It wasn't. Jeanne, daughter of the werewolf knight, Geraint, was strong, but vulnerable too. She wanted her father to be rescued and returned to his rightful place, but knew that if and when he did, she would lose the freedom of the forest where she had been brought up and be a castle-bound knight's daughter. And Etienne, the boy from whose viewpoint the story is told, made a huge sacrifice for her at the end, after making his love for her clear all through the story. If that's "tacked on", all I can say is, please, reviewers, go find a nice YA vampire romance. This book isn't for you.
One or two reviewers got it, and made me cheer.
This made me think of my female characters in general. When I wrote Wolfborn, I had fun with the wife of the werewolf knight, who had betrayed him. I deliberately gave her the soppiest name I could think of - Eglantine, with a nod to Chaucer's Prioress. I ended up feeling a little sorry for her. She had a history, having discovered that a boy she had cared about and nearly married was a werewolf. Mind you, when I wrote a short story based on that incident ("Midwinter Night", published in Andromeda Spaceways Inflight Magazine, issue #54, edited by Simon Petrie) I went back to being unsympathetic toward Eglantine, indicating that it served her right to end up married to a werewolf after she had betrayed her previous fiance, though it would be best for her new husband if she never found out. But she was limited in many ways; still, I gave her a chance to make a better life for herself at the end of the novel. I just couldn't make her a total villain.
Geraint's first love, Sylvie, Jeanne's mother and the local wise-woman, was meant to be strong and was in some ways, but had made some mistakes in her life and never quite gotten over them. I have a confession to make: there's a scene between her and Geraint, late in the novel, which was inspired by one in that lovely movie Ladyhawke, which I was watching while working on the edits. She's tougher than Eglantine(who isn't?) but she lost her family at a young age, due to what she was born, and had to grow up fast, alone in the forest. Only near the end of Wolfborn does she find out what happened to her family.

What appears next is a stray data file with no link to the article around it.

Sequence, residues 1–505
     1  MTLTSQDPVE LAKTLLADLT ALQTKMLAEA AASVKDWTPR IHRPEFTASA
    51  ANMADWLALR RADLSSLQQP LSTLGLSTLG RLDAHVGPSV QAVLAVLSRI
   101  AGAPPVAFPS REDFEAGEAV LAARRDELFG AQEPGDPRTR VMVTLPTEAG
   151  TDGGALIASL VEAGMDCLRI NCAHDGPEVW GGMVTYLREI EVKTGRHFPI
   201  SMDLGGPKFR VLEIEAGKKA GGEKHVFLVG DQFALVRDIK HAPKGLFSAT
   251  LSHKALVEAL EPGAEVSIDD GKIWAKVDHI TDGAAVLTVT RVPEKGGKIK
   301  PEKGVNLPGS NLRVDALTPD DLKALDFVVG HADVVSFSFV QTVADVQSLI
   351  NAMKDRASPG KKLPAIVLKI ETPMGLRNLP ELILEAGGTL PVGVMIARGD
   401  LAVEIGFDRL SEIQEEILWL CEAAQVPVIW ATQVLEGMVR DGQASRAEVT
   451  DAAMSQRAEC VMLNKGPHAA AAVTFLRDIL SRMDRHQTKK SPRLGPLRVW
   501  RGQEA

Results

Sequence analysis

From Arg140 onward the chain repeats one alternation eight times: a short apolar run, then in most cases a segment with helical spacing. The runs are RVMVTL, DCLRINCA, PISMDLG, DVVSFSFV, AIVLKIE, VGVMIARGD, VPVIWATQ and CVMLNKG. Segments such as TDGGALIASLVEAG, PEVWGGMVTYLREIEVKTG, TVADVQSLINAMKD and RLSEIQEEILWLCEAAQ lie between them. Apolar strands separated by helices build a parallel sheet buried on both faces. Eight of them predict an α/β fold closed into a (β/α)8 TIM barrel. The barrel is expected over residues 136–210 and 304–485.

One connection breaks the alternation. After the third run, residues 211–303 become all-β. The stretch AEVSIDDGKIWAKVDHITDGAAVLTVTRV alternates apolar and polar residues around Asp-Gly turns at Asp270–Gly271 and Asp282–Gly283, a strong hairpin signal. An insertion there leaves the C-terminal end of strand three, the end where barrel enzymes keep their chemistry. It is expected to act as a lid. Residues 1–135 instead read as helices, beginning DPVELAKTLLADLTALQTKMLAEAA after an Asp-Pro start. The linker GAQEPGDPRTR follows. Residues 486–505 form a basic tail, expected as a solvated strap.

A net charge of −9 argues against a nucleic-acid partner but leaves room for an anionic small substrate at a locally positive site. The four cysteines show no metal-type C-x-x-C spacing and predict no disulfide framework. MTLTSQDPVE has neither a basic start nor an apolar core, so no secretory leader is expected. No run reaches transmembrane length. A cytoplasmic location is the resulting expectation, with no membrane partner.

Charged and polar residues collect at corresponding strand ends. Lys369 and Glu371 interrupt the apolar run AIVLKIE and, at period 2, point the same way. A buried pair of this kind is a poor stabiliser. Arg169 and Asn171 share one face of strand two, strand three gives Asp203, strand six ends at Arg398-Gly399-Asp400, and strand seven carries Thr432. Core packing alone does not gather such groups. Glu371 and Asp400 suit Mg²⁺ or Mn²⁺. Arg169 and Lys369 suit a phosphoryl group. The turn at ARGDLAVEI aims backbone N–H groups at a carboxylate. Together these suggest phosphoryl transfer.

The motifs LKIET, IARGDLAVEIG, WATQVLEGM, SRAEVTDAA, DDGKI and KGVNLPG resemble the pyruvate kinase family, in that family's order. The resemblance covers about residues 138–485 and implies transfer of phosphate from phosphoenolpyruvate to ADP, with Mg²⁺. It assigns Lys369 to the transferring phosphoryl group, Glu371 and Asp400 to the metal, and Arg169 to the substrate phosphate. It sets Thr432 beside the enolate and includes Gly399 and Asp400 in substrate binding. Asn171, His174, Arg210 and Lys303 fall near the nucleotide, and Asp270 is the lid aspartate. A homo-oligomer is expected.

Of course, she wasn't completely alone after a while. She had a teacher, Lysette, who doesn't appear in this book but is the heroine of the one I'm working on - minus a publisher for the moment, but sooner or later I will feel confident to offer it around. She gets a mention, because my editor wanted to make a sequel possible, but that hasn't happened - there was a shakeup in the company and the Woolshed list and I no longer know anyone in editorial at Random House Australia. On my own, I went back to a prequel I'd already been working on.
Alys is Eglantine's waiting-woman and the wife of the castle's steward. She is the real chatelaine of the household, a woman who knows her domestic tasks well and performs them because Eglantine won't; she never had to, as a spoilt child who went straight from home to court to marriage. Alys is a more traditional woman than the others, but she isn't weak or passive. Women who ran such large households couldn't be. In some ways, they were like hotel managers who also had to look after the whole estate. Etienne mentions that before his birth, his mother once had to defend the household from invaders while his father was away. Alys doesn't do that, but without her, some of the vital things that happen in the book wouldn't have happened.
Lysette is the heroine of my as-yet unfinished novel set in the same universe, at an earlier date. She is the result of my wondering what would happen if you were born a werewolf in the peasant class. Mostly, they'd be likely to be killed, of course, as soon as they were caught raiding the flocks, but Lysette has to escape from a bunch of local louts, having turned into a wolf for the first time in their presence. After that, she meets a Merlin-like wizard she accidentally releases from a tree, and travels the country with him, searching for a long-lost prince who had gone missing when the wizard's previous apprentice had locked him in that tree.
I've found myself getting Lysette to make a decision, late in the novel, that will not make me popular with girls, hence the fact that I'm still working on it. The problem with prequels is that there are some things you can't change. And one of them is the fact that the romantic interest of the book is a long-lost king and they don't usually marry peasant-girls, let alone werewolf peasant girls. And we know what happened to her later, anyway. Help!
I'm starting to understand why there are so many YA novels where the girl has to choose between two or more boys!
If you don't know what I'm talking about, but are intrigued, I have read from both Wolfborn and the manuscript, The Sword And The Wolf, on Youtube, there's a Wolfborn sample chapter on this web site and you can always order a copy from your local bookshop or library.